Den of Spies: Legacy of US-Iran spy wars
Passport forgery tools, surveillance gadgets, shredding machines, encryption devices, secret drawers – if what Iran has been claiming since 1979 is true, then Tehran perhaps houses the most chilling relics of the ongoing US-Iran spy wars.
On Monday, Iran revived its hostile relationship with the American intelligence community – which goes back to 1979 –by claiming to have arrested 17 CIA spies and sentencing several of them to death.
On November 4, 1979, at the height of the Iranian Revolution, a group of Iranian students aligned with the newly-established anti-US Supreme Leader Ruhollah Khomeini stormed the US embassy in central Tehran and took 52 Americans hostage – precipitating a 444-day-long hostage crisis.
Soon after, Tehran had claimed the storming of the complex exposed a sophisticated, clandestine CIA surveillance hideout based inside the main embassy building.
Hindustan Times visited the complex, which stopped operating as a US embassy since the storming in 1979. It had been maintained by the IRGC and was more recently turned into a museum of anti-American propaganda.
Locally known as ‘Den of Spies’ and ‘Museum Garden of Anti-Arrogance’, the place is now a repository of anti-US propaganda displayed in various forms – artistic murals on walls and stairwells, cheeky political cartoons on the courtyard, a prominent ‘Down With USA’ doormat, inflammatory anti-West slogans and a trove of allegedly CIA-linked relics discovered in 1979.
Inside the complex, which requires visitors to buy entry tickets to have a look at the exhibits, the key highlight is the main building – home to what Iranian authorities claim are remnants of the CIA’s state-of-the-art equipment that have been carefully preserved.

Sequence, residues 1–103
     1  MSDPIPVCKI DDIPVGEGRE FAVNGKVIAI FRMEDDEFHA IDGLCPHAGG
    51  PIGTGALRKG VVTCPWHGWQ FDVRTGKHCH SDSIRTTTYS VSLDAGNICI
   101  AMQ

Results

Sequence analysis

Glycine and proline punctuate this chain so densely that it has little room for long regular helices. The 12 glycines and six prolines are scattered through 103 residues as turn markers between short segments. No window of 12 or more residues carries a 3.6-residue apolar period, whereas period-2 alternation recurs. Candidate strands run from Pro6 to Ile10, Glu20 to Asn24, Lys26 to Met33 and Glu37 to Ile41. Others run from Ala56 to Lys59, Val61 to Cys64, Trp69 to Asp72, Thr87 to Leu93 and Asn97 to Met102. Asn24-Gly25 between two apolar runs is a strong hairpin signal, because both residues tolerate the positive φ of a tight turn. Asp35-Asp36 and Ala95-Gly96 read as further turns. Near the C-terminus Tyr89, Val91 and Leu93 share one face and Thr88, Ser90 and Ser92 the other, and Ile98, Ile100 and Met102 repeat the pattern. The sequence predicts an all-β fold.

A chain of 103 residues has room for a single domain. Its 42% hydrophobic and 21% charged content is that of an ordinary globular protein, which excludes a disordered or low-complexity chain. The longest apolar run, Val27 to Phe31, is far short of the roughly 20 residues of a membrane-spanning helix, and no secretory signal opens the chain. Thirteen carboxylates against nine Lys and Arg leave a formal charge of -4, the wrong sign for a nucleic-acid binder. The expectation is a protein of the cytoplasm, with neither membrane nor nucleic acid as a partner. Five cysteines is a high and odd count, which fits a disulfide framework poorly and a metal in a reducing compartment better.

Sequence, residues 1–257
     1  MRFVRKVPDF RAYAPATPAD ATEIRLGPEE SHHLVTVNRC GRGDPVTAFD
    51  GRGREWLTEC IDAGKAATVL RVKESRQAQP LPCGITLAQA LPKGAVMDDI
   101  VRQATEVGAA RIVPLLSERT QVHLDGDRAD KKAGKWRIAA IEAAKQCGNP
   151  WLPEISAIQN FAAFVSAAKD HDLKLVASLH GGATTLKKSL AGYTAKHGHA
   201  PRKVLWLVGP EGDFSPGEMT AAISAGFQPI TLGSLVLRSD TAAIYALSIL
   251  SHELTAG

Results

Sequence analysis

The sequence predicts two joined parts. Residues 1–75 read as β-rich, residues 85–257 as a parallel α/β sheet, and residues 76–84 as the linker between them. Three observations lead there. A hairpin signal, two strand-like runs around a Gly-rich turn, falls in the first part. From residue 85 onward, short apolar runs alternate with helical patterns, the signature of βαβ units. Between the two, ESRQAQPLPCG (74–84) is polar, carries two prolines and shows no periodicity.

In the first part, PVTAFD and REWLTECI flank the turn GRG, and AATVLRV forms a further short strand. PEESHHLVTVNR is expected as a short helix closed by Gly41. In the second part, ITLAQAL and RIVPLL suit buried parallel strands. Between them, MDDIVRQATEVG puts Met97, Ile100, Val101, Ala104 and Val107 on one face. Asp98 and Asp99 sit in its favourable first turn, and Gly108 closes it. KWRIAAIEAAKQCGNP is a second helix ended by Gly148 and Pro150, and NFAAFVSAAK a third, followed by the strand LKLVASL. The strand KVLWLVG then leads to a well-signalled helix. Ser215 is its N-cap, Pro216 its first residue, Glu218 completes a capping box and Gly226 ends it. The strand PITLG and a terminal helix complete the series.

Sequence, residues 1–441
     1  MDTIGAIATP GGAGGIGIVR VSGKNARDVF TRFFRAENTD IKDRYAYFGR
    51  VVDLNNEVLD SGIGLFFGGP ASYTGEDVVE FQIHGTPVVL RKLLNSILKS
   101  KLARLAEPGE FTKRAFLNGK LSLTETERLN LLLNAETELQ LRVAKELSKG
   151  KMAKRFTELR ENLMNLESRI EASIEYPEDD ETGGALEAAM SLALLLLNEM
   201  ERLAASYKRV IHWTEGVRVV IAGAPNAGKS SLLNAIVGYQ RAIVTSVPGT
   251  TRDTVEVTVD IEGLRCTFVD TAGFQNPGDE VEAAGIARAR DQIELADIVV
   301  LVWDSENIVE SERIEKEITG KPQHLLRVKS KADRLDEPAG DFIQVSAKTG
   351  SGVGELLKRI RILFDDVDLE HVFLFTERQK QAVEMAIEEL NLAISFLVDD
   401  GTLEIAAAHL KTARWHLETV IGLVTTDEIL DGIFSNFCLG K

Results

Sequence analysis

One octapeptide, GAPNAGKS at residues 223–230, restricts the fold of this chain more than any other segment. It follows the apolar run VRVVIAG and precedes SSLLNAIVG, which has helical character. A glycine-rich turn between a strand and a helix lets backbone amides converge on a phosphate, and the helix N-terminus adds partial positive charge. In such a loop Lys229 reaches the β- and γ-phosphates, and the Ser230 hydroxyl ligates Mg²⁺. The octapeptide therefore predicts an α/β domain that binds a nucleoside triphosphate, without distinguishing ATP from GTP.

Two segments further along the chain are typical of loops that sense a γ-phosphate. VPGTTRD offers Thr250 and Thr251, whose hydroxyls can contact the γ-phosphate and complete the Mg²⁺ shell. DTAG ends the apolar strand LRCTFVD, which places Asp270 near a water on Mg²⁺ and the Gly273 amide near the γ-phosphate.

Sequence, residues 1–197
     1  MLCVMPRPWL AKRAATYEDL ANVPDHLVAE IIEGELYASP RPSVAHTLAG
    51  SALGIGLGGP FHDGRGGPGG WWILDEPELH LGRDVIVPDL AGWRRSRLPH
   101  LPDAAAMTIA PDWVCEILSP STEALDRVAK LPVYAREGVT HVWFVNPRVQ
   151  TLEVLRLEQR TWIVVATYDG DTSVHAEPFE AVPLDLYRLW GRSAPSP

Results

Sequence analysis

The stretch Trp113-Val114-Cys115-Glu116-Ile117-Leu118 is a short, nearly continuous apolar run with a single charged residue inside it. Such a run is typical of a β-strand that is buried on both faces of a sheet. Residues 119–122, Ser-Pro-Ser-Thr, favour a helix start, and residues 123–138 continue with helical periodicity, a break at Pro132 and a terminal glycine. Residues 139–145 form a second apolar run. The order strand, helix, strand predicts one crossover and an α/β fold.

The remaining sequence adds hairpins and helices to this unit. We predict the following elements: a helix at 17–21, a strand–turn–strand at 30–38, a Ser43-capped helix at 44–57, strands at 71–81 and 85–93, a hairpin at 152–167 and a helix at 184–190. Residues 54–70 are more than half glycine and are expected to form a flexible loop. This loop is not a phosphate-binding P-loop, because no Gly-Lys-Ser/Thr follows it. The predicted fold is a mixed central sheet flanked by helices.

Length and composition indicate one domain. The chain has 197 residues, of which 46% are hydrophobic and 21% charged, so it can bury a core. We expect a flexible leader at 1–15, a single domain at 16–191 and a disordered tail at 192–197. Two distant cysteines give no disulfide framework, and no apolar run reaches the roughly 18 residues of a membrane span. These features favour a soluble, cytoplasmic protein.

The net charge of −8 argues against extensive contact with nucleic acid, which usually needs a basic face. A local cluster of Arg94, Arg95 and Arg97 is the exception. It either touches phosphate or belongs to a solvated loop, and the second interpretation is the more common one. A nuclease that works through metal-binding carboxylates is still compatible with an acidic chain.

The so-called ‘Den of Spies’ is staffed with government-appointed experts help visitors take a look around and translate for them the captions on the exhibits, written in Persian.
Among the most interesting relics, as Iranian authorities would have us believe, is a corner desk with a typewriter, lots of documents, photo-paper, stationery, gadgets and canisters of chemicals. The curators claim that’s where CIA personnel used to make forged passports for undercover agents travelling in and out of Iran.
Also on display are secret drawers connecting separated office rooms, meant to keep the identities of intelligence officials exchanging materials hidden from one another, as the museum guides claim.
The building also houses a soundproof glass room, which the guides believe was used by the CIA to hold secret negotiations.
Aside from what are labelled as bugging devices, of various shapes and sizes, computers are exhibited, which Iranian curators say weren’t commercially available at the time when the CIA was using them.